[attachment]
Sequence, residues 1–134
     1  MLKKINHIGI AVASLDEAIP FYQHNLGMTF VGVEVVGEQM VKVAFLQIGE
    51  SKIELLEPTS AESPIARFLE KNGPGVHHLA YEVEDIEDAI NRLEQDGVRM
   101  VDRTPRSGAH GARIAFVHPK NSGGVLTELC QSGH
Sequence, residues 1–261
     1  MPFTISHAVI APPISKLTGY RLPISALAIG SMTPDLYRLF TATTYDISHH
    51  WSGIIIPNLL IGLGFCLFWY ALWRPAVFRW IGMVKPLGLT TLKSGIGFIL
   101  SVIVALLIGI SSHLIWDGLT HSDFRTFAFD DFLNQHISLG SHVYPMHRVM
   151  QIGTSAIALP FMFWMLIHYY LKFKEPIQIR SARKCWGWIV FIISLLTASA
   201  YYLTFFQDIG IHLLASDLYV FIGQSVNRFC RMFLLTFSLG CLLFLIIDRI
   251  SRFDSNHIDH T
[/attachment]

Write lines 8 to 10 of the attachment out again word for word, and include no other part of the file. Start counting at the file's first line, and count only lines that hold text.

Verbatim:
   101  SVIVALLIGI SSHLIWDGLT HSDFRTFAFD DFLNQHISLG SHVYPMHRVM
   151  QIGTSAIALP FMFWMLIHYY LKFKEPIQIR SARKCWGWIV FIISLLTASA
   201  YYLTFFQDIG IHLLASDLYV FIGQSVNRFC RMFLLTFSLG CLLFLIIDRI